Market participants traded more OTC interest rate derivatives in 2014, but in smaller sizes according to a review.
The International Swaps and Derivatives Association (ISDA) found that average daily notional volume fell from $588 billion in the first quarter of the year to $484.4 billion in the fourth quarter.
By contrast, trade counts rose from 3,622 to 3,800 over the same period.
This translates into a drop in the average size per trade from $162.3 million in the first quarter to $127.5 million in the last three months of the year.
“Our research shows the impact of regulatory reforms on derivatives trading volumes,” said Scott O’Malia.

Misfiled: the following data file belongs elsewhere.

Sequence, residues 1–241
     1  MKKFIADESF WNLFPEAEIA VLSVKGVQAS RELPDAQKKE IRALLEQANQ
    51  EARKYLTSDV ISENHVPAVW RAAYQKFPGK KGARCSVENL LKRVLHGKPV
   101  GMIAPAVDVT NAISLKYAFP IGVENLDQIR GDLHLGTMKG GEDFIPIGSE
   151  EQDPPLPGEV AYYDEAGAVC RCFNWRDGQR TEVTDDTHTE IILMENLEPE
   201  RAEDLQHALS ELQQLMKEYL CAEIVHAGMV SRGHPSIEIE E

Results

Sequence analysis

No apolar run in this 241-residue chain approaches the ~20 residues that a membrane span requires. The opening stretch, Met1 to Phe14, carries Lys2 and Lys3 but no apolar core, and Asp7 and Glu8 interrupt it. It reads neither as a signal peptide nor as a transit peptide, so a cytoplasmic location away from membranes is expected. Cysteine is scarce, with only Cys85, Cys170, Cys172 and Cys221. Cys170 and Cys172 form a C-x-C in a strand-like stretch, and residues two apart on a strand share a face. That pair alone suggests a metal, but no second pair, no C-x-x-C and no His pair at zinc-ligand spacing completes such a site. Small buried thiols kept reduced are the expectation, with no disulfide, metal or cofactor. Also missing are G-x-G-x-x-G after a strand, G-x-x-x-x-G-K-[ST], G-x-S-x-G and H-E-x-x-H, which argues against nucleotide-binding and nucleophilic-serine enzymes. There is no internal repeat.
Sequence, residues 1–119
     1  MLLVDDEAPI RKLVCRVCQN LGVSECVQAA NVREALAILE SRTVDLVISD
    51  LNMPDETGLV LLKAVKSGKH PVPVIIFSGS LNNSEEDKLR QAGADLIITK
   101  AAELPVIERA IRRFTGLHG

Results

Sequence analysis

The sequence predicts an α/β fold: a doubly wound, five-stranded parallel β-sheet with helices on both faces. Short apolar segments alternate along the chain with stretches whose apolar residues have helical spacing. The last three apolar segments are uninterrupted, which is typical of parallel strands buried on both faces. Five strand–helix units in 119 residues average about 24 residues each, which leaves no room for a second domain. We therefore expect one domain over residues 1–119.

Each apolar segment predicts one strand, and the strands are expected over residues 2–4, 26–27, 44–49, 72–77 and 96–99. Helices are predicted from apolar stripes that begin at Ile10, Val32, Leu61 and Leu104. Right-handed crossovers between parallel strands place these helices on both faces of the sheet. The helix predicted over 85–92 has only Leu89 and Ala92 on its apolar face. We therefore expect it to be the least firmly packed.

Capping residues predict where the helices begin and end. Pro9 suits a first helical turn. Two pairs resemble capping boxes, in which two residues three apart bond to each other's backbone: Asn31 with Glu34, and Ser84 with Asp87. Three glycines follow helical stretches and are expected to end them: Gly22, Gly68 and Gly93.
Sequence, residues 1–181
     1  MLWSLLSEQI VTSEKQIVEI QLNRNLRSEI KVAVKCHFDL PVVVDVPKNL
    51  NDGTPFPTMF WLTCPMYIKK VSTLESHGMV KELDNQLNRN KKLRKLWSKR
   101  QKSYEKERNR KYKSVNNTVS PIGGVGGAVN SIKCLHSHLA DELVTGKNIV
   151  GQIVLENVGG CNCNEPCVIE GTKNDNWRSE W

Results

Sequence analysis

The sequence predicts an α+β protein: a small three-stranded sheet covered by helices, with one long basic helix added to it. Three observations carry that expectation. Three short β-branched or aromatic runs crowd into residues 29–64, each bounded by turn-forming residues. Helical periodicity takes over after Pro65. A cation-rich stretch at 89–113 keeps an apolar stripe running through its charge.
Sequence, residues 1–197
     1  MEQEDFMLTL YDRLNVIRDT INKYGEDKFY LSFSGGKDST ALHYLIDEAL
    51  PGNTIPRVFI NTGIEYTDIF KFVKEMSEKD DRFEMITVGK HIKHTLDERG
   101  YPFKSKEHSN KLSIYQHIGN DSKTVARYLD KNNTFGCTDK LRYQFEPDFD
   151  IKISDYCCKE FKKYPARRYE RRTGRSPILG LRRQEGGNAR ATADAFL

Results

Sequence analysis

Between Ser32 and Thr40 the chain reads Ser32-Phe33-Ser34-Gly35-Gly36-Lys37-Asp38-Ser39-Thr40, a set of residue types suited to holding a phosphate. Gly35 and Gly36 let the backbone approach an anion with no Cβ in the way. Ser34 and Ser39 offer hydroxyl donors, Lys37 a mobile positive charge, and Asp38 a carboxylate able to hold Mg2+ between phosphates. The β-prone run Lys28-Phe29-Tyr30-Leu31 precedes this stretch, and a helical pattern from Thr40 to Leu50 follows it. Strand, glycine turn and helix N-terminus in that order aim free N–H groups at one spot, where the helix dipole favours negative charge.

Most standardised interest rate swaps are now being cleared in line with new regulations aimed at reducing systemic risk.
In the US, interest rate and credit default swaps are being executed on electronic trading platforms known as swap execution facilities (SEFs).
The uptake of SEFs is also increasing according to ISDA, accounting for 52.4% of average daily notional volume in interest rate derivatives versus 19% in 2013.
Buy-side participation on SEFs still represents an area in need of growth, with more liquidity on the central limit order books being touted as a key to unlocking that potential.